I believe it was Amiri Baraka who once said, “one man’s fast is another man’s slow.” The BP oil spill in the Gulf of Mexico has destroyed a way of life for many American fishermen. This should be accepted as fact not fiction. The landscape of our nation is going to change soon and not for the better. The recent oil spill is not an aberration. Just look at the story in The New York Times (June 16, 2010) about the awful conditions in the Niger Delta. It’s obvious we need the media to expand its coverage of oil spills. How soon will toxic wastelands become a normal sight for Americans, the way it is for some Nigerians? It’s unfortunate that Africa is still a “dark continent” when it comes to shedding light on the operations of the oil industry. When I read the following in the newspaper, I wanted to weep:
Big oil spills are no longer news in this vast, tropical land. The Niger Delta — where the wealth underground is out of all proportion with the poverty on the surface — has endured the equivalent of the Exxon Valdez spill every year for 50 years by some estimates. The oil pours out nearly every week, and some swamps are long since lifeless.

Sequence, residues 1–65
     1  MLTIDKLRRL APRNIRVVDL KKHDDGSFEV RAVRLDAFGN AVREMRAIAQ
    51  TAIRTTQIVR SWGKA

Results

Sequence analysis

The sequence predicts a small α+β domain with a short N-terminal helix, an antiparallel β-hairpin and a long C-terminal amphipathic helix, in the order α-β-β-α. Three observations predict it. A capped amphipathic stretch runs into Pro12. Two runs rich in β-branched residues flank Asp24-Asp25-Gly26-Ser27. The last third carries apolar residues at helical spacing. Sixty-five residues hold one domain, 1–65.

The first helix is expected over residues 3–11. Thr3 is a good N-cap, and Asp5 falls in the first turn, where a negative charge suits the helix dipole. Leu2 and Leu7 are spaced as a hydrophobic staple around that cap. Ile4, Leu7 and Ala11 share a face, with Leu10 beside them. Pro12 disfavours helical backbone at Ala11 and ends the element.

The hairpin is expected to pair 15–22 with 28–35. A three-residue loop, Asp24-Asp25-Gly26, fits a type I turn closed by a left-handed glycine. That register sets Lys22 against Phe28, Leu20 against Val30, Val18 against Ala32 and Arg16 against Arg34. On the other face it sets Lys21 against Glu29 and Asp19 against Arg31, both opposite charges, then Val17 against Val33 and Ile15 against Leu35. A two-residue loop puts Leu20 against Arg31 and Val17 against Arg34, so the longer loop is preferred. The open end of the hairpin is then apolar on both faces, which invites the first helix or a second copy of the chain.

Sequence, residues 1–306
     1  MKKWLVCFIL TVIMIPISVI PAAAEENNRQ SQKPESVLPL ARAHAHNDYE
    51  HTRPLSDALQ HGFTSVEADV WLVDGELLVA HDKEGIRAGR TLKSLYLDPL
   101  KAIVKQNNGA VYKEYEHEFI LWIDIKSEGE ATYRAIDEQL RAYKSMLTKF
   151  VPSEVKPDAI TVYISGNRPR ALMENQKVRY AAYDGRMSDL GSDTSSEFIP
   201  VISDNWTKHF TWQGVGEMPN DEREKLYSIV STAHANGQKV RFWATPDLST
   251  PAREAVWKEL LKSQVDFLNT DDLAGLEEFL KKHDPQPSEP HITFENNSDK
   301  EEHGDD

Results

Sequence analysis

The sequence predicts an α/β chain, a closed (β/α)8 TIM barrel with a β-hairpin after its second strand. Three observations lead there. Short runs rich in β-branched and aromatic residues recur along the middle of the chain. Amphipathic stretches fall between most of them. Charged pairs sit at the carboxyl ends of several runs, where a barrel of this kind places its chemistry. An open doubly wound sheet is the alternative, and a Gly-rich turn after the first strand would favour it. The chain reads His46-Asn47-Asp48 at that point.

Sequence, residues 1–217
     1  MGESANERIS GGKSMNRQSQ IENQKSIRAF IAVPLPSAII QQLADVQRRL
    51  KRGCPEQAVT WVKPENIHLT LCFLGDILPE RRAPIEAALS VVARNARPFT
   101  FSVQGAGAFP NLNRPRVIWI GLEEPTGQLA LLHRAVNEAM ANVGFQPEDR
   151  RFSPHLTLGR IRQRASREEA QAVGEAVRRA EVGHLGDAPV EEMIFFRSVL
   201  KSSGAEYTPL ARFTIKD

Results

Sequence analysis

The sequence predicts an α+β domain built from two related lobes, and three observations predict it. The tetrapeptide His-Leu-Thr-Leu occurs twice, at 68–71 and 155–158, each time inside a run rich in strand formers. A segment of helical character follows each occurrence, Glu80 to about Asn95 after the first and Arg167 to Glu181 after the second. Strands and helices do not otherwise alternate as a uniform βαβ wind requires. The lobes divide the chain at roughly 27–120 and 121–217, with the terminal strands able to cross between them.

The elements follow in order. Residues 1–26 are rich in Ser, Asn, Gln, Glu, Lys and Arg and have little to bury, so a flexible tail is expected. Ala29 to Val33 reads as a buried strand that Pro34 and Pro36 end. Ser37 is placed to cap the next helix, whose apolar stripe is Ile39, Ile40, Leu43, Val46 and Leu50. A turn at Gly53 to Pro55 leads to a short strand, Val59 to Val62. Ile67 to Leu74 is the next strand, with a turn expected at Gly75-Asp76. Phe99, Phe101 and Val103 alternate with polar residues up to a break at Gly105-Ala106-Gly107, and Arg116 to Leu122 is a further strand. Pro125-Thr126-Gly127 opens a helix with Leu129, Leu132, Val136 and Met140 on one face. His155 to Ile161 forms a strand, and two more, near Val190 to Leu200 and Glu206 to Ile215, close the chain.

BP is talking about cleaning up the mess they made. But what does clean-up really mean? Is it no visible oil on the surface of the water? How can life survive after being embraced by oil? What fish or birds would ever want to make love?
In the Niger Delta the villain is Shell. Oil leaks in the region are also a result of oil thieves and aging pipelines, no longer properly being maintained. The people in the Niger Delta have been battling for years to control their destiny and protect their environment.
One wonders what will happen here in the United States? Will a populist movement organize against a big oil company? Will the “small” people fight back?
It might be a good idea to bring Nigerian fishermen and folks from Louisiana to Washington and have them sit side by side and tell their stories. There is a similar (if not singular) narrative taking place and it is beginning to sound too much like science-fiction.
The fear of a black planet could be one engulfed by oil.